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ENTERTAINMENT
October 24, 1986 | ALBERT GOLDBERG
Herbert von Karajan, the venerable conductor of the Berlin Philharmonic, fell ill shortly before his orchestra was to leave for its current American tour. At concerts in Ambassador Auditorium Wednesday and Thursday, his place was taken by James Levine, conductor and music director of the Metropolitan Opera. The Wednesday event could have developed into a gargantuan battle between the spirit of the missing maestro and the will of the visiting one, but nothing of the kind occurred.
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ENTERTAINMENT
October 19, 1986 | MARC SHULGOLD
When bug bites man, it usually doesn't make the papers. But when that man is revered conductor Herbert von Karajan, it is news-- bad news. Particularly for Peter Gelb of Columbia Artists Management.
ENTERTAINMENT
October 6, 1986 | From Times Wire Services
Conductor Herbert von Karajan will not accompany the Berlin Philharmonic Orchestra on its Sunday-Nov. 1 tour of the United States and Japan because of illness, the orchestra announced Friday. James Levine will conduct the orchestra in Ambassador Auditorium in Pasadena on Oct. 22 and 23 as well as in New York and Chicago. Seiji Ozawa will conduct in Boston and Tokyo, the orchestra said.
ENTERTAINMENT
September 16, 1986
The Berlin Philharmonic, conducted by Herbert von Karajan, will play concerts in four cities in the United States, including Pasadena, in October. The U.S. tour begins Oct. 15 in Symphony Hall, Boston, with a program of Brahms' Third and First symphonies. In the Metropolitan Opera House in New York Oct. 19, Karajan will lead a program consisting of Mozart's Divertimento in D, K. 334, and the Ninth Symphony by Bruckner. After a 10-year absence, the Berlin ensemble will return to Chicago Oct.
BOOKS
May 18, 1986 | Martin Bernheimer, Bernheimer, Times music critic, first encountered Herbert von Karajan at the Vienna Staatsoper in 1958 and has been watching and listening ever since--with mixed feelings.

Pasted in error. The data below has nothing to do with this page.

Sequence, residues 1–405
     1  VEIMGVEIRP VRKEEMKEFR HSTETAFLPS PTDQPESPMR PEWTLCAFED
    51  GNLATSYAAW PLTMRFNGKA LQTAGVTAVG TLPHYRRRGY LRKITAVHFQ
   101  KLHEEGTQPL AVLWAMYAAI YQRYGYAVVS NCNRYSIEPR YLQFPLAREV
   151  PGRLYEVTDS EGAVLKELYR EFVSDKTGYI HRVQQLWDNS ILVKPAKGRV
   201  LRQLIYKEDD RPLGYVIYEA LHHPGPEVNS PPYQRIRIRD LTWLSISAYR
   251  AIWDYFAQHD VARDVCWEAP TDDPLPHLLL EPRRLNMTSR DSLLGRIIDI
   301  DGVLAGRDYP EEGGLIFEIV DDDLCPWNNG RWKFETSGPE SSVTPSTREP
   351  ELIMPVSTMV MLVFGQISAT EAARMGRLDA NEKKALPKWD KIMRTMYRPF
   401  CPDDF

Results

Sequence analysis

There are lots of famous conductors plying their mysterious, if not mystical, trade these days, but the number of genuine superstar conductors probably can be counted on three fingers. Leonard Bernstein is the most glamorous and, in America at least, the best publicized. Georg Solti is the most dramatic and, perhaps, the worst publicized. Then there is Herbert von Karajan--the perfectionist, the intellectual, the technical wizard, the schemer, the crybaby.
ENTERTAINMENT
January 4, 1986 | From Associated Press
Herbert von Karajan, the famed music director of the Berlin Philharmonic, has been flown to the United States for medical treatment, the orchestra's general manager said Friday. Manager Wolfgang Stresemann declined to give any details and would not say where in the United States Karajan was. The Vienna Philharmonic announced the cancellation of the orchestra's two concerts under Karajan's baton scheduled for Jan. 11 and 12. Karajan, 77, has suffered back ailments in recent years.
CALIFORNIA | LOCAL
January 4, 1986 | Associated Press
Herbert von Karajan, 77, the famed director of the Berlin Philharmonic orchestra, has been flown to the United States for medical treatment, Wolfgang Stresemann, the orchestra's general manager, said Friday. Stresemann declined to give any other details in a telephone interview and would not say where in the United States Von Karajan is. Meanwhile, the Vienna Philharmonic announced the cancellation of the orchestra's two concerts under Von Karajan's baton scheduled for Jan. 11 and 12.
ENTERTAINMENT
November 23, 1985 | MARTIN BERNHEIMER, Times Music Critic
"Der Rosenkavalier," Richard Strauss' achingly romantic ode to the Vienna of Maria Theresa and to the erotic innuendoes of a predecessor named Mozart, was long overdue for a new production at the War Memorial Opera House. The old "Rosenkavalier," an outrageously ugly cardboard-kitsch extravaganza, violated the elegance, the charm and the glitter of this magical score even when the production was first seen here in 1964.
ENTERTAINMENT
May 4, 1985 | MARTIN BERNHEIMER, Times Music Critic
It hasn't been the best of all possible Philharmonic seasons. At the moment, our orchestra is a faceless ensemble in the uneasy state of flux--probably a tired and possibly a demoralized ensemble at that. Contrary to popular propaganda, all isn't necessarily well that ends well. Still, one must give the Fleischmann his due.
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